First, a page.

Iron Curtain

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Countries behind Iron Curtain are shaded red. Yugoslavia, although communist-run, was independent of the Eastern Bloc. Similarly, communist Albania broke with the Soviet Union in the early 1960s, aligning itself with the People's Republic of China after the Sino-Soviet split.

The Iron Curtain is a term related to the Cold War. It means the border between the states that were members of the Warsaw Pact (in Eastern Europe), and those that were not (then called The West).

This border was between East Germany and West Germany, between Czechoslovakia and Austria, and between Hungary and Austria.

At the end of World War II Austria, Germany and Berlin were divided into four zones. In 1955, a treaty was signed. The treaty said that the Allied forces must leave Austria. In return, the Austrian government promised to do certain things, like not form a territorial union with Germany, recognise certain minorities, amongst others. The whole of Europe was separated into a Soviet Union zone in the East and a US-dominated zone in the West.[1] The splitting of Europe, Germany and especially Berlin into two political blocks was part of the Cold War between the United States of America and other western countries on one side and the Soviet Union and its allies on the other. The wartime Allied Forces split after their common enemy, Nazi Germany, (which was led by the dictator Adolf Hitler) was defeated in May 1945.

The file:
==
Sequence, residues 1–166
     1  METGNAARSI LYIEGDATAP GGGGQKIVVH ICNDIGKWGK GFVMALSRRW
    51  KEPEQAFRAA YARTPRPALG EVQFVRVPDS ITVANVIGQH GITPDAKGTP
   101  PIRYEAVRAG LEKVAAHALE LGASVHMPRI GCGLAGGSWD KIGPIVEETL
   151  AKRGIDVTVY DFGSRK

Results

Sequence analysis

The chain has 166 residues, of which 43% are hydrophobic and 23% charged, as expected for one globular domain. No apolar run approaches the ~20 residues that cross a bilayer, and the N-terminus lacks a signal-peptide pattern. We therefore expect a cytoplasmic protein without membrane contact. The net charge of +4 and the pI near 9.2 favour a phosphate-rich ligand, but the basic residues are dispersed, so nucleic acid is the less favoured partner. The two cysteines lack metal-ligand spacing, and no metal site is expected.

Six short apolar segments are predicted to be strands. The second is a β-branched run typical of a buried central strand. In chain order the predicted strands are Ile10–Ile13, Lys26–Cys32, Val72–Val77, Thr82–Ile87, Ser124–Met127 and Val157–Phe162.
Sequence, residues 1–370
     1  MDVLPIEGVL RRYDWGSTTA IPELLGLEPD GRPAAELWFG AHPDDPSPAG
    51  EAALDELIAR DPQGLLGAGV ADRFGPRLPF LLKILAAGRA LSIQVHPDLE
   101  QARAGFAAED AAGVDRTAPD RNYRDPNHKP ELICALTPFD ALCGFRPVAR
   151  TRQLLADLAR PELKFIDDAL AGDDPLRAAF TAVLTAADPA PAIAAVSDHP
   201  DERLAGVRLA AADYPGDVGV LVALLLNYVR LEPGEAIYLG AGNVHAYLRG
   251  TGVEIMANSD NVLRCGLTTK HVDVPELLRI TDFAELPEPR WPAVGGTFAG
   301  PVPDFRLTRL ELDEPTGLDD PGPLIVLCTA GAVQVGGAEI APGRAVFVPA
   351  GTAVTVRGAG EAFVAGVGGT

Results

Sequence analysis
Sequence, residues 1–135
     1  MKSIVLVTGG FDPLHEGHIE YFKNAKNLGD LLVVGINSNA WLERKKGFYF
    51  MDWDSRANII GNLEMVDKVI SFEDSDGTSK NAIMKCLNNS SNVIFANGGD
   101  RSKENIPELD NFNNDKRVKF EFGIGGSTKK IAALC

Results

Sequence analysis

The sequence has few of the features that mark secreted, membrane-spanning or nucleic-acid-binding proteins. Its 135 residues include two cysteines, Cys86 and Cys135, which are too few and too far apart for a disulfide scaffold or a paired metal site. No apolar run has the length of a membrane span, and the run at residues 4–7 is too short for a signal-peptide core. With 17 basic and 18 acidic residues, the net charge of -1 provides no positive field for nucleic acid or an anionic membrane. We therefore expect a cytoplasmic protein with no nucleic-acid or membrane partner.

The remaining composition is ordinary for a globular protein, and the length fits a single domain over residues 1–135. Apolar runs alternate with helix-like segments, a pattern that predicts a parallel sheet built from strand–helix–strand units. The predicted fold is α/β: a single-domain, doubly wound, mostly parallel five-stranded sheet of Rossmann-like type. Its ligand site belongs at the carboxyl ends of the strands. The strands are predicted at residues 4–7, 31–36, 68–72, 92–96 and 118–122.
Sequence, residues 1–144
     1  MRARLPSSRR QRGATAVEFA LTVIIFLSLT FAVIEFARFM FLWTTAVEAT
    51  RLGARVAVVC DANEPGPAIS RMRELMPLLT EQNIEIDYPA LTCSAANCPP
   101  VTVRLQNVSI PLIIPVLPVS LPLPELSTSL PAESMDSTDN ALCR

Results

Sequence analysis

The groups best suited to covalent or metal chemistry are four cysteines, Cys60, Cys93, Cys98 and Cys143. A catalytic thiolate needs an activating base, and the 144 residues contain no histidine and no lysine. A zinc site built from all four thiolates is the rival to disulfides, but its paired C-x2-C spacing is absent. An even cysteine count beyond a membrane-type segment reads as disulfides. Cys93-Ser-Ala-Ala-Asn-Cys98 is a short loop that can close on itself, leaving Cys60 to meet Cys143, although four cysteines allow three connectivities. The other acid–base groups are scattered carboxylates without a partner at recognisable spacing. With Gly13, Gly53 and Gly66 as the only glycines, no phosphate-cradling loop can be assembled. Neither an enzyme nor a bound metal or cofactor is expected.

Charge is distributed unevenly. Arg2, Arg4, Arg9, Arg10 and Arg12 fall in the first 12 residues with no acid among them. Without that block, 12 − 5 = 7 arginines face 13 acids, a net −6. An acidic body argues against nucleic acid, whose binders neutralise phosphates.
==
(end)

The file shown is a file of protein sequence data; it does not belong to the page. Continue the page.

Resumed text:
The idea of the Iron Curtain was referring to the separation of the communist Europe compared to the democratic west, it was the idea that what was happening the satellite states and in Russia was secret to the rest of the world. Satellite states refers to a country being not actively controlled by another, in this case Russia was controlling countries such as Hungary, Poland, Romania, Bulgaria and others which were previously controlled by Germany in WW2.

The idea of the Iron Curtain was first made public by Winston Churchill, a famous Prime Minister of the United Kingdom during WW2, invited to speak at American University by Harry S. Truman (the American president at the time). Churchill's speech was seen by Nikita Khrushchev; leader of the USSR from 1958 till 1964 as a declaration of war, as Churchill urged a struggle against the Soviet Union.

Books about Iron Curtain times in Hungary[change | change source]

Susanna Lapossy : Life behind the iron curtain [1] = The homepage of the book

References[change | change source]